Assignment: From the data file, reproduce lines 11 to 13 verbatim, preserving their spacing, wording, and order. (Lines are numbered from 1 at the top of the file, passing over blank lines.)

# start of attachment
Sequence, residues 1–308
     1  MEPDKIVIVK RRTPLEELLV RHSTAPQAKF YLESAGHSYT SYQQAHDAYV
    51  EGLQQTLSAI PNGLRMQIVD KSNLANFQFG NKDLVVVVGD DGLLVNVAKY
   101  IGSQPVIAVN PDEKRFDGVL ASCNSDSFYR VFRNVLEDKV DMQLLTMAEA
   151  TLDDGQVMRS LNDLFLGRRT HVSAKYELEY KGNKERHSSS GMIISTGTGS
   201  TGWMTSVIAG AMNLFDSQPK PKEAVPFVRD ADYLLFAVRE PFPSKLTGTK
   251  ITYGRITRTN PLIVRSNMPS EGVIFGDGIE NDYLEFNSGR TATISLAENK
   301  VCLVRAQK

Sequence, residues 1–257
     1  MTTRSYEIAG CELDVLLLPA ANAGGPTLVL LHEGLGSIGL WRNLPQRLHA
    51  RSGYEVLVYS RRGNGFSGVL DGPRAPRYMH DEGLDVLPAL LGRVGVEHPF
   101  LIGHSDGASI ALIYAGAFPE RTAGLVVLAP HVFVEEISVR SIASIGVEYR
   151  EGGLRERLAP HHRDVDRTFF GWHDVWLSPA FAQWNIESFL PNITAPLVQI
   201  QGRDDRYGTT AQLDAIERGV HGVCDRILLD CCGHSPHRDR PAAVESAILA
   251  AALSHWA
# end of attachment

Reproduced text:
    51  RSGYEVLVYS RRGNGFSGVL DGPRAPRYMH DEGLDVLPAL LGRVGVEHPF
   101  LIGHSDGASI ALIYAGAFPE RTAGLVVLAP HVFVEEISVR SIASIGVEYR
   151  EGGLRERLAP HHRDVDRTFF GWHDVWLSPA FAQWNIESFL PNITAPLVQI